Sunday, November 22, 2009

Moscow Police's Shattered Image

MOSCOW’S POLICE: THE CRACKED IMAGE

        In 1998 our team from the International Center for Psychosocial Trauma did a program in Moscow for participants from former USSR countries who were dealing with the psychological trauma of their citizens caused by various conflicts. Because of our interest in law enforcement our director Arshad Husain, Barbara Bauer, a psychologist in private practice who consults with the police, and myself, the author of a book on police stress, were invited to visit the Police Training Academy in Moscow. Besides our contacts at the Academy twelve police psychologists were participants in our six-day seminar on treating victims of trauma. This provided us an opportunity to learn more about crime and police work in Russia.

Russian police's damaged image
        The police in Russia may be in the country's most hated profession. The police psychologists our team of mental health professionals worked with in Moscow felt that the most pressing problem they face is how to upgrade police from the low status they have in the eyes of the public. It was easy for our Russian friends in police work to admit to us that this damaged image was well deserved when the police were an extension of the repressive communist government with powers to search, arrest and interrogate without limits. After all, the police were trained to protect the welfare of the state and not that of the public.
        But it was not only their past repression and terror that make the public leery of the police. Not spoken of openly but admitted by some of my informants is the generous opportunity a police officer has, with a pay of only $160 a month, to add to his income by squeezing bribes from people for various small infractions. These infractions are such things as not carrying one's identification card or committing a minor traffic violation. Police officers are also known to abuse their stop and search power on the street, and we were told that police unfortunately often hassle Africans, Middle Easterners and Asians living in the Russia. Their defense is that these are the people most likely to be dealing drugs.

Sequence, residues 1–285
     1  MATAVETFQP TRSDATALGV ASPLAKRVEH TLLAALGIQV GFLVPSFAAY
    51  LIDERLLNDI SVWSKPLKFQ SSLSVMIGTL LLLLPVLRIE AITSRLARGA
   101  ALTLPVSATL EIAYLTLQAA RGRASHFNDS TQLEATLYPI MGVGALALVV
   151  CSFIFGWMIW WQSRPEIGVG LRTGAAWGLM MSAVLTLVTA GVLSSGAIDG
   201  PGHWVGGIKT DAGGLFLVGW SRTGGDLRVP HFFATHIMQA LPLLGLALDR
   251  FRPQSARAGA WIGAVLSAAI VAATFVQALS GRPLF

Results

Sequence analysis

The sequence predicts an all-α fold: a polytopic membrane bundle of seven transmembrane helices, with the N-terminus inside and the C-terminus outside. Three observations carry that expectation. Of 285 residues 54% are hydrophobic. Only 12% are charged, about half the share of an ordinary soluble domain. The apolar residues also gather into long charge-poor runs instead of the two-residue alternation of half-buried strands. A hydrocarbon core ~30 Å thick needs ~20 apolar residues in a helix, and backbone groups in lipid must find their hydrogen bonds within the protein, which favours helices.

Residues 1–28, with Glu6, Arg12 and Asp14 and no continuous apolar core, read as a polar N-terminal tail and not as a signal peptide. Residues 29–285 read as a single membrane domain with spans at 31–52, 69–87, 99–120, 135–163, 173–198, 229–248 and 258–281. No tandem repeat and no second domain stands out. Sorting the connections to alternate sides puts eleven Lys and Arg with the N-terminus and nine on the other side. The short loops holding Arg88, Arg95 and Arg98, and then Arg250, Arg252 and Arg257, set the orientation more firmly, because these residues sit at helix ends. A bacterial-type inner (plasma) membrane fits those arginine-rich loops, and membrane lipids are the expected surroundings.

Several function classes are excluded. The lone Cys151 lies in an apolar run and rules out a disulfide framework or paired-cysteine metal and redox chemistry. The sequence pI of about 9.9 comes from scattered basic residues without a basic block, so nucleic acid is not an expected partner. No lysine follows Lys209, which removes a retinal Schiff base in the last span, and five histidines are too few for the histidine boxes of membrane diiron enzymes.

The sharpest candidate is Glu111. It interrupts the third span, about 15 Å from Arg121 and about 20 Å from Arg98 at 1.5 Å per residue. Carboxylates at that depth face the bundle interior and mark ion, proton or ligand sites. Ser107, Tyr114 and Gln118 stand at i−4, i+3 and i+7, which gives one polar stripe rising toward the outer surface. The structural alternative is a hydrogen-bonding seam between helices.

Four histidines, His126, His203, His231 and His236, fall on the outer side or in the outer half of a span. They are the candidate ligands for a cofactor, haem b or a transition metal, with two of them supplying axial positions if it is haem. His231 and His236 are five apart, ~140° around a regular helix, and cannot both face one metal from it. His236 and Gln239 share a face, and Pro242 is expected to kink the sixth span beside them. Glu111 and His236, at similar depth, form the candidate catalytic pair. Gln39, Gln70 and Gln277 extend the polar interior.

The Russian Mafia
        The Russian Mafia is very powerful and is involved in most aspects of the economy. Mafia members run the sizable black market and protection rackets, control prostitution, and often take over businesses started by outsiders after they are making a profit. Those who do not cooperate have contracts taken out on their lives and part of the marked increase in murder in Moscow is related to Mafia activities. The police at this time are powerless to do anything about these criminals.
        One point of view, expressed to me by the chief police psychologist from Rostov, is that the Russia Mafia is good for the economy and that if they could be effectively stopped that the economic recovery would stop. He thought the real enemies of the health of the economy are the corrupt state officials who now own businesses and use their position to drive others out. It is the Mafia who are organized to work around these impediments by running an illegal marketplace that keeps prices down and products moving. My informant felt that once the drastic transformation that Russia is now undergoing is over will be the time to unleash the police against the Mafia.

What is being done to improve the police image?
        It may be the most hated profession in Russia but large numbers of young Russians still apply to enter the “militsia” (police force). Two major motivations attract recruits to the profession. First, while the pay is low it is steady. Earning money continues to be a real problem in Russia and many professionals such as teachers and doctors can sometimes go months with no paycheck. There are other financial benefits that make it an attractive occupation: free public transport, free medical services and paid retirement after 20 years of service.